Want a £5m SIPP? Here’s how I’d aim to build one with exactly £621.99 a month

Consistently investing £621.99 each month in a SIPP could be the key to unlocking a chunky £5m pension portfolio for the long run.

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For British investors, the Self-Invested Personal Pension (SIPP) is arguably one of the most powerful tools in their arsenal when planning ahead for retirement. Apart from eliminating the annoyance of paying capital gains and dividend taxes, capital injections into a SIPP portfolio come with a nice chunk of tax relief.

Of course, taxes do eventually re-enter the picture when it comes to drawing down on a SIPP portfolio. But being able to compound returns for decades without HMRC dipping its grubby fingers can vastly improve investor wealth. That’s why the sooner an investor is able to start, the better. So much so that investing exactly £621.99 each month could be the key to growing a £5m SIPP in the long run. Here’s how.

The power of tax relief

When money’s injected into a private pension through an employer, this allocation of capital always happens before taxes are paid. The same concept applies to a SIPP. But because the money that goes into a SIPP has already been taxed, any deposits get automatically topped up by the government, essentially acting as a form of tax refund.

The amount of relief investors get to enjoy ultimately depends on which income tax bracket they fall into. For this example, let’s assume an investor’s paying the Basic Rate of 20%. That would mean that adding £621.99 each month inside their SIPP actually gives them £777.50 of investment capital. And that’s more than enough to start building a seven-figure nest egg.

Please note that tax treatment depends on the individual circumstances of each client and may be subject to change in future. The content in this article is provided for information purposes only. It is not intended to be, neither does it constitute, any form of tax advice. Readers are responsible for carrying out their own due diligence and for obtaining professional advice before making any investment decisions.

Reaching £5m before retirement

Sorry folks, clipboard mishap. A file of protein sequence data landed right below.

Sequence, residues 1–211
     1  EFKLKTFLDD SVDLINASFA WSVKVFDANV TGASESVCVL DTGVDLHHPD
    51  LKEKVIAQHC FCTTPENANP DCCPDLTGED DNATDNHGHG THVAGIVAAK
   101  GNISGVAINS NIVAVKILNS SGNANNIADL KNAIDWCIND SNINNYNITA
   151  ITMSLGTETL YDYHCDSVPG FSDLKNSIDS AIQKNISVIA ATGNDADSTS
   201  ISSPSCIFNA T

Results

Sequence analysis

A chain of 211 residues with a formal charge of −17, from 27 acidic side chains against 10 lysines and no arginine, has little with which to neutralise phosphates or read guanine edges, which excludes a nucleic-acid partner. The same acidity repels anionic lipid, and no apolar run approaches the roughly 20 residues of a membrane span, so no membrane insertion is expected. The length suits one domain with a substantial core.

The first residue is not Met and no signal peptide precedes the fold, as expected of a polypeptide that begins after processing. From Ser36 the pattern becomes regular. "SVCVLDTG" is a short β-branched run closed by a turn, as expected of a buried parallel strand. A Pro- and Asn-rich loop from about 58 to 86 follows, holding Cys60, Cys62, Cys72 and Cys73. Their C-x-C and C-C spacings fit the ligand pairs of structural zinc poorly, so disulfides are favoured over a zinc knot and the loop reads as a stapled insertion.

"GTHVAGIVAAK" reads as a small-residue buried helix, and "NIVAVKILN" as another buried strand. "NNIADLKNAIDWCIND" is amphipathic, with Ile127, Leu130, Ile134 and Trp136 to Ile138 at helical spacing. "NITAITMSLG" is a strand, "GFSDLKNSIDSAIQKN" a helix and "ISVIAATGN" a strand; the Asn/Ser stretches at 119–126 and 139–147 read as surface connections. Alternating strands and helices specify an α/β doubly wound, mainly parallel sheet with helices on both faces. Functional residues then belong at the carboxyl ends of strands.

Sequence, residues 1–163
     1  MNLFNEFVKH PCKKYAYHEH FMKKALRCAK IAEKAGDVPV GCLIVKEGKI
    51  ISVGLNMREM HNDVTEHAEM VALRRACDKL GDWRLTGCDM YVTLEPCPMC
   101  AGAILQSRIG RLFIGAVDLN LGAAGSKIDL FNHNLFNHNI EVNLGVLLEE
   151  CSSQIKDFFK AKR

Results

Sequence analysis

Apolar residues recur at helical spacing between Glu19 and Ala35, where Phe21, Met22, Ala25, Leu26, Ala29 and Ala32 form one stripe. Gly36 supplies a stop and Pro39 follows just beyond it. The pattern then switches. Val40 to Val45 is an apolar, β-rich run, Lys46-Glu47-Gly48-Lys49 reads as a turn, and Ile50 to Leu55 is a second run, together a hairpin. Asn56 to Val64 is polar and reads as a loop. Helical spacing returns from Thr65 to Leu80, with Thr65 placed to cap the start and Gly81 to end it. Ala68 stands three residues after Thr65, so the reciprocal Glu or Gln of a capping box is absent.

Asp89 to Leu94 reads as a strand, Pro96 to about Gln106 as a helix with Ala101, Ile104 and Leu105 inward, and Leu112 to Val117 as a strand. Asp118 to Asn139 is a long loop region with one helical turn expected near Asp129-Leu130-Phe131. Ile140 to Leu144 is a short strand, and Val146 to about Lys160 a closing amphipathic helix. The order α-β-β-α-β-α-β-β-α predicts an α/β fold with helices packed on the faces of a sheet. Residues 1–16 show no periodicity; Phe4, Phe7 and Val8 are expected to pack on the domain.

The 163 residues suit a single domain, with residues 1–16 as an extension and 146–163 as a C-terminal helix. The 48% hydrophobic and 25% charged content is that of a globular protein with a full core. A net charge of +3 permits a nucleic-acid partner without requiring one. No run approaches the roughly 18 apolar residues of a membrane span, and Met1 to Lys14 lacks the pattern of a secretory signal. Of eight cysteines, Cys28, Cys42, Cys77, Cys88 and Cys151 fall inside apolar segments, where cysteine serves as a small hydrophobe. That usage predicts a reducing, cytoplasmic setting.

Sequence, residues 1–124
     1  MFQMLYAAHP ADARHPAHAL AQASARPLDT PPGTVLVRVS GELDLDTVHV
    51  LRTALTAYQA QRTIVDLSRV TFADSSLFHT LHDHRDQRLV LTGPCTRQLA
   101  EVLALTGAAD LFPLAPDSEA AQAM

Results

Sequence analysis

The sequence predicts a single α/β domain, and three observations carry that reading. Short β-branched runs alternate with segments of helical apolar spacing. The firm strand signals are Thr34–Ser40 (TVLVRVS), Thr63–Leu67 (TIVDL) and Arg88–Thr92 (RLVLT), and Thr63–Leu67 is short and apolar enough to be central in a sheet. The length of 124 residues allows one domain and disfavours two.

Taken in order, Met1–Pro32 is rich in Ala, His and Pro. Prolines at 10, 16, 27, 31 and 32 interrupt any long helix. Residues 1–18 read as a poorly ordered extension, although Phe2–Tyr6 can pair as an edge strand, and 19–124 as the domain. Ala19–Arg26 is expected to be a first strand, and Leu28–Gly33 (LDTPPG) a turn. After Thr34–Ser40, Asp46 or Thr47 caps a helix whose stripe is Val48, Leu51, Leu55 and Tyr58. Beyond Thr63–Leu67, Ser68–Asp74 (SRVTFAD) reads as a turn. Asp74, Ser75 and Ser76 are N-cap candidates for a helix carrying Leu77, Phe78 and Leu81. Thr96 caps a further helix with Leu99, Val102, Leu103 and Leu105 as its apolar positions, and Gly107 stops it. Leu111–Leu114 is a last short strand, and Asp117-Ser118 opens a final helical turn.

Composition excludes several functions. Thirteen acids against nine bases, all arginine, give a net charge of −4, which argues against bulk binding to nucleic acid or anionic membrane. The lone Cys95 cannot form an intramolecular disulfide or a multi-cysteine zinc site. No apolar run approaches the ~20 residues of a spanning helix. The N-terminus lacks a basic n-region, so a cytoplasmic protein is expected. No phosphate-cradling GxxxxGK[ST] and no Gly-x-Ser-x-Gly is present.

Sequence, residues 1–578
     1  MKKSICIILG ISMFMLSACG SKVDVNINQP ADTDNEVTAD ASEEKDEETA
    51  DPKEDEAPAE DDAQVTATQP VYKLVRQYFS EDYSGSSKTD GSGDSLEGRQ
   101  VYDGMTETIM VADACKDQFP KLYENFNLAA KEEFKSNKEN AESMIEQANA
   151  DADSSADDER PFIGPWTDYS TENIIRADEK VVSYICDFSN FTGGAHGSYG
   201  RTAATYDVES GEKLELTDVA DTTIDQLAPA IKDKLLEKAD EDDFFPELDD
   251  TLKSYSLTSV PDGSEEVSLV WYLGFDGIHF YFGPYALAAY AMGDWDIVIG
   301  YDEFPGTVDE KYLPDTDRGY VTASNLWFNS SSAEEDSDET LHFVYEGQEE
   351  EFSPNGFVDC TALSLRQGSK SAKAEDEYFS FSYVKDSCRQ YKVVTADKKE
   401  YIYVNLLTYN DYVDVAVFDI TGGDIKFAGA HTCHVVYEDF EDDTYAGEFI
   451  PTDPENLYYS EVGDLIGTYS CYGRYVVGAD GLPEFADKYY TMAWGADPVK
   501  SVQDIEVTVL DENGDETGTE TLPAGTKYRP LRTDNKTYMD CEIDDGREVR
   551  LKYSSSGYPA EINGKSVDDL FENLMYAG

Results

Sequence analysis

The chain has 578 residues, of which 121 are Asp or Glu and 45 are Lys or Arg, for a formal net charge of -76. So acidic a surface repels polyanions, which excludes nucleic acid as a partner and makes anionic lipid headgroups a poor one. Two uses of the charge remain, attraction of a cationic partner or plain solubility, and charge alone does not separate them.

On average, most people tend to work for around 40 years before retirement comes knocking. Assuming that an investor achieves an average annualised return of 10% over these four decades, investing £777.50 each month is all that’s needed to reach £5m. And for those who can successfully push their returns to 12%, the journey gets shortened by five years, potentially paving the way to an earlier retirement.

Obviously, this is easier said than done. The FTSE 100 has historically only delivered around 8% annualised returns. And while the FTSE 250 has landed closer to 11%, it’s been quite the volatile journey since its inception in 1992. Not to mention that there’s no guarantee either of these indices will continue to deliver such returns moving forward.

As such, investors striving for a £5m SIPP will likely have to turn to stock picking. When executed well, this strategy could deliver spectacular returns that may even exceed 12%. But a poorly constructed or managed portfolio could just as easily lag the market, or even end up destroying wealth.

Which stocks could deliver 12% annualised returns?

There are a lot of promising companies on the London Stock Exchange capable of delivering a chunky double-digit return in the long run. One firm from my portfolio that continues to impress is Alpha Group International (LSE:ALPH).

The business provides a suite of financial solutions for small- and medium-sized businesses, from managing foreign exchange risk to executing global transactions. After years of defying expectations, the share price has skyrocketed by almost 830% in the last seven years! That’s an annual average of 37.5%.

Moving forward, I wouldn’t expect to see the same level of growth. But that doesn’t mean the growth story’s over. And with Alpha barely scratching the surface of its target market opportunity, its long-term potential could make it the perfect candidate for delivering the needed returns for a £5m SIPP.

Of course, it’s not without its risks. Competition in this space is fierce and heating up. And if Alpha can’t stay ahead of its smaller peers while outmanoeuvring its larger ones, the gains may fall short of expectations.

That’s why, as with every portfolio, investors should never put all their eggs in one basket.

Should you invest, the value of your investment may rise or fall and your capital is at risk. Before investing, your individual circumstances should be assessed. Consider taking independent financial advice.

Zaven Boyrazian has positions in Alpha Group International. The Motley Fool UK has recommended Alpha Group International. Views expressed on the companies mentioned in this article are those of the writer and therefore may differ from the official recommendations we make in our subscription services such as Share Advisor, Hidden Winners and Pro. Here at The Motley Fool we believe that considering a diverse range of insights makes us better investors.

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